“The sage perspective accepts every outcome and circumstance as an opportunity.” ~Shirzad Chamine
No doubt you’re familiar with paranoia. In the modern world, it’s hard not to be. And as Joseph Heller wrote, just because you’re paranoid, it doesn’t mean they’re not after you. But there is another way to look at the world. What if you could see every situation in your life as a positive conspiracy, aimed at aligning you with your highest good?
This might seem outlandish, but it’s not as crazy as it seems. If you imagined that the person annoying or challenging you was actually a gift to help you further your mental or spiritual development, how would you respond differently? What could you learn from them?
At the very least, you’d probably resist the urge to react negatively to the perceived provocation. Instead, you’d likely take a second look at what they were trying to communicate to you, and perhaps see something you might otherwise have missed.
This perspective has its limits, of course. Those in abusive situations should not stay in a repeated pattern of abuse. But for those of us who experience the usual trying circumstances on a daily basis, releasing some negativity can be useful.
Imagine yourself as an actor, in search of your big break. Aspiring actors frequently find it difficult to handle rejection, which is an inevitable part of the job.
In the context of pronoia, you might see not getting a part differently. Maybe it looked like a good opportunity but would actually have been a dead-end or lead you in a direction that was undesirable. Or maybe each rejection is bringing you a step closer to success. If it takes a hundred auditions to land one great part, then every audition completed is another step closer to success.
Similarly, mountain climbers don’t look at each grueling step on an ascent as a setback; rather, each step brings them closer to their goal at the top of the mountain.
If we can change our perspective to “Every rejection or difficulty brings me that much closer to success,” we can shift our outlook. We won’t be mired in self-pity or overwhelmed. Instead, we will feel grateful for the opportunities that allow us to deepen our craft. The strongest sword is forged in the hottest fire.
It’s easy to identify the people in our lives who are helpful. We naturally feel positive toward them. Then there are those with whom we have a neutral relationship. With a little effort, we can see those people in a positive light. But even the challenging people, the hard situations, and the failures can be reframed in our minds to be seen as a way to further our development or evolution.
I was once leading an expedition in the Himalayas, and one of our group members was quite vocal about the lack of amenities while we were trekking. At first, I thought he was just unhappy about a particular cabin where we stayed one night, but as we continued the trek, his complaints became more and more pronounced.
I kept trying my best to change his circumstances for the better, but in the back of my mind I thought, “What does he expect—we are traveling by foot at 15,000 feet through one of the most remote parts of the world!?
Finally, I took the time to pull him aside in the evening and ask what was really going on. It turned out that he had lost his wife recently and that they were planning on taking a trip like this together. It was a valuable lesson for me to take the time to connect deeply with people rather than just assume what is going on by observing the surface. In the end, he ended up being quite happy with the trip, and I became much better at deep listening.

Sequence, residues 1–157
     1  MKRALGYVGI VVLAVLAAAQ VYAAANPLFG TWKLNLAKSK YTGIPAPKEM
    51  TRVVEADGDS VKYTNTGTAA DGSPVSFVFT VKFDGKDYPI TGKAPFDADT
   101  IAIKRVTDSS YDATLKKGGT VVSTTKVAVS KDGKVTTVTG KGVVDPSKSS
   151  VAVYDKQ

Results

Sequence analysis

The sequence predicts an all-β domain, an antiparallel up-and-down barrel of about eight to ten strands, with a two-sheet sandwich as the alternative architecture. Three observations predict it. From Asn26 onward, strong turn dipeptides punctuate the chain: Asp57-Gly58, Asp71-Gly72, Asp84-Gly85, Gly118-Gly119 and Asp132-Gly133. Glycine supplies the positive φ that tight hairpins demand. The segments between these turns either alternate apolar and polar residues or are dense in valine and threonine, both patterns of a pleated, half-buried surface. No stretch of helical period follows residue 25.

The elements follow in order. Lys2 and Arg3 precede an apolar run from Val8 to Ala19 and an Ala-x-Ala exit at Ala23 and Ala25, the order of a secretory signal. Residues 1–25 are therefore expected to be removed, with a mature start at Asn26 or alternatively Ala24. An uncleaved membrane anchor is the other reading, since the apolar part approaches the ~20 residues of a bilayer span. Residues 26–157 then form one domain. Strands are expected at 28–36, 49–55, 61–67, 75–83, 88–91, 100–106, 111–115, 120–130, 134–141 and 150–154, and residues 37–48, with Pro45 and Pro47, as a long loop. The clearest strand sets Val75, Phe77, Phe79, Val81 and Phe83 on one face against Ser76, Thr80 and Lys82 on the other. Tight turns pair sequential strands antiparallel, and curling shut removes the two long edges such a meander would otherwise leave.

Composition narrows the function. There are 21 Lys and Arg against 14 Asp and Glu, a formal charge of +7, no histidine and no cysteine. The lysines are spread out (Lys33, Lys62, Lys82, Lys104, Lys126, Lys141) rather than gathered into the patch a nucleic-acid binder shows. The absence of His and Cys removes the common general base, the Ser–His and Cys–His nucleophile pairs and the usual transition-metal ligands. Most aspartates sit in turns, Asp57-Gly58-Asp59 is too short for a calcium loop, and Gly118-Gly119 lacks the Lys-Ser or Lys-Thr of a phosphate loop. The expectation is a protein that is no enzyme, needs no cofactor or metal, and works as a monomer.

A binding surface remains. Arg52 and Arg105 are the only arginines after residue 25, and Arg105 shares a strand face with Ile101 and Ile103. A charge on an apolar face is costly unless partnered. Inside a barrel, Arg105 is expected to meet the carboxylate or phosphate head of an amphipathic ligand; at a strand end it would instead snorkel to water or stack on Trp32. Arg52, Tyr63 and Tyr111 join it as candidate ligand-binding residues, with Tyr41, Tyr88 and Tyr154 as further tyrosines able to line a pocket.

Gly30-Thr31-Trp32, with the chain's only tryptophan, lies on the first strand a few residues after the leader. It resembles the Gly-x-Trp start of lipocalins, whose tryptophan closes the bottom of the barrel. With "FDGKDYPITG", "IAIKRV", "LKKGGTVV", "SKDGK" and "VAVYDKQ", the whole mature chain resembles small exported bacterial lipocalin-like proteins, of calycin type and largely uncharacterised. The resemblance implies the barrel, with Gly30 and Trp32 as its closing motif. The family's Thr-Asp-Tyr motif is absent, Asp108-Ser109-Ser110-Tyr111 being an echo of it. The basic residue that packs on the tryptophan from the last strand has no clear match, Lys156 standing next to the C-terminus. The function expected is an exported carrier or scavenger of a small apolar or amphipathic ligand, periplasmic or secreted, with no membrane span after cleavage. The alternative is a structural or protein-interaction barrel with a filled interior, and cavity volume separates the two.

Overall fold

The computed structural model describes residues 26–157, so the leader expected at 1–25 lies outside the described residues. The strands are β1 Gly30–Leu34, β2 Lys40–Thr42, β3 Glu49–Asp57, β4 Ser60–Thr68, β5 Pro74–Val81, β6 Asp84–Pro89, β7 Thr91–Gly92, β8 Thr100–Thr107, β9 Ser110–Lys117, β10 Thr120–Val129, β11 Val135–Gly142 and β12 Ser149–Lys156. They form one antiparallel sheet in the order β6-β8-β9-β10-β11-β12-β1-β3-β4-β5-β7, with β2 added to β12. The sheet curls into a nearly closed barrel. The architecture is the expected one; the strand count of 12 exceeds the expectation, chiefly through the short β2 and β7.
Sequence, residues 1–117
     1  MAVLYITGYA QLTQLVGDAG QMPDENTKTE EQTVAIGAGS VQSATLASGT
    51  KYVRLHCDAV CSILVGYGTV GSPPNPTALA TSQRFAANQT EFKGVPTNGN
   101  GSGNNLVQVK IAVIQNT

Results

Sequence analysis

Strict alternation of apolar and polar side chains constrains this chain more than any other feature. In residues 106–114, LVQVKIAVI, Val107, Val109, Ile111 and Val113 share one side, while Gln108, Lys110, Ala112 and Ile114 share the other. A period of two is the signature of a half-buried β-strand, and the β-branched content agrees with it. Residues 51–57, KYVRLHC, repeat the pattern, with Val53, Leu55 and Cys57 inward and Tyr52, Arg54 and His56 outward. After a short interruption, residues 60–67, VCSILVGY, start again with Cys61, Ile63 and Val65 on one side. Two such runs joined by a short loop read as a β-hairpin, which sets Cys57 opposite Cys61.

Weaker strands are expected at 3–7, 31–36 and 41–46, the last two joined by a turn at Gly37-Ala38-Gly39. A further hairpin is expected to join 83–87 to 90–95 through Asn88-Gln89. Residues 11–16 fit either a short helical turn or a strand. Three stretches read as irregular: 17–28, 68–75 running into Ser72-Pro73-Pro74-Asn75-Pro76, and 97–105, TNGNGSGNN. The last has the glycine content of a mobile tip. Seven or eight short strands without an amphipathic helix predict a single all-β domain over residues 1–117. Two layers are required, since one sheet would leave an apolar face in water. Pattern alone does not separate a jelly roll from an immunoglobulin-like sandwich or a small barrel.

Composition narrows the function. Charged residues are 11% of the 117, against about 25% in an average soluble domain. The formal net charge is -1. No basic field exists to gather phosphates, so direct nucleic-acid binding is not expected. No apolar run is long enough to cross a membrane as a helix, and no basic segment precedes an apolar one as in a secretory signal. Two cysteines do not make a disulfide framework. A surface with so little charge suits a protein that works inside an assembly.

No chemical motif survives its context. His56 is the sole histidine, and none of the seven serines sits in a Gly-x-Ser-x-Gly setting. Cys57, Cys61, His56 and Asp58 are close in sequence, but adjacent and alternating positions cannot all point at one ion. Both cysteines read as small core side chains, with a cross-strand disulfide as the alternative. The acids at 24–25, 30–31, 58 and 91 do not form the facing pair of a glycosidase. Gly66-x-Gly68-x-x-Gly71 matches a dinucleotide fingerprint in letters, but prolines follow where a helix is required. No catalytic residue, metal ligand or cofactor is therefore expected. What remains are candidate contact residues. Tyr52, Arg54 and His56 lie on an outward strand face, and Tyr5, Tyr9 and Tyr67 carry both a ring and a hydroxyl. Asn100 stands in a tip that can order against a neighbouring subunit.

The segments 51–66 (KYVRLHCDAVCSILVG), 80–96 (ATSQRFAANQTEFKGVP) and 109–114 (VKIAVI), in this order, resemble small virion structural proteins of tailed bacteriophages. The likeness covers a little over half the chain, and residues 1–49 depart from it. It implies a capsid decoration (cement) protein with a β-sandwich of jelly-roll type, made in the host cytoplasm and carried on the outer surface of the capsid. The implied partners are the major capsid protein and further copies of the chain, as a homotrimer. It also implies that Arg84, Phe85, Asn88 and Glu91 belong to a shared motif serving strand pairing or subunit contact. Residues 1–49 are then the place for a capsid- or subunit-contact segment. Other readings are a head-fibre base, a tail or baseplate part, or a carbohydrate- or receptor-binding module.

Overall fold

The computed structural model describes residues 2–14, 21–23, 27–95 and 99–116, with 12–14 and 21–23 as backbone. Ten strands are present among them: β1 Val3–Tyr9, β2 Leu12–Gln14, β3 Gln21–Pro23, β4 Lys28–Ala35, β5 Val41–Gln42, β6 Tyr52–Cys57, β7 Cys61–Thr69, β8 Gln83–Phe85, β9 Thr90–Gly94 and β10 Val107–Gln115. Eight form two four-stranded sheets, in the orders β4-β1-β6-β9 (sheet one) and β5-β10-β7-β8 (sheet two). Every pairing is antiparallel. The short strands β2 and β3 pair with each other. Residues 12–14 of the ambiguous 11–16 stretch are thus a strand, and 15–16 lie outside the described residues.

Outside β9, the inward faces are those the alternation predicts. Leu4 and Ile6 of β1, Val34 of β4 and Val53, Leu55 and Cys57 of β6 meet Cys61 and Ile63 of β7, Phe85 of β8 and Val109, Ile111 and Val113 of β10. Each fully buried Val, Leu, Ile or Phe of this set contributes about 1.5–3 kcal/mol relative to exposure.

Of course, it is rare to get to know the pain that is the root cause of people’s difficult behavior. This can be particularly hard when the challenging person is someone close to you.
We all have people in our lives whom we are close to but continue to challenge us deeply. In that case it is important not to rely on finding the source of the other person’s upset. That pain is most certainly there, but it rarely happens that we get to understand it for what it is. Instead, it’s important to learn how to be grateful for the continuing training they are providing for us in our journey.
You may be tempted to kick challenging people out of your life, but what if instead you see them as a training ground for future greatness?
Sometimes learning to work with someone negative can prepare you to work with difficult people you encounter in the future. When we adopt this viewpoint, we can generate a kind of gratitude toward those challenges.
You wouldn’t go to the gym and get mad at the weights for being heavy, or mad at your muscles for being sore. Instead, you might celebrate, in the knowledge that your training is working. Similarly, you wouldn’t get mad at a sparring partner in the martial arts for trying to attack you, because you know they’re training you for a real life-and-death situation.
It’s easy to see our real-life “sparring partners” as true battle opponents, but if we avoid them, we miss out on all the potential lessons that might come from interacting with them.
In the end, the choice is yours. You can go through life seeing each negative person in front of you as an irritant, to be removed as soon as possible. Or you can try on the idea that they have something to teach you. It’s not a matter of which perspective is objectively “true.” It’s a matter of which perspective allows you to learn, grow, and thrive.
About Nick Egan
Nick Egan, Ph.D., is an award-winning executive coach known for his clear and impactful teaching style, and a sought-after speaker who utilizes his understanding of positive psychology and Buddhist philosophy to encourage organizational and personal growth. He is the author of Shift: The Art of Transforming Limitations.
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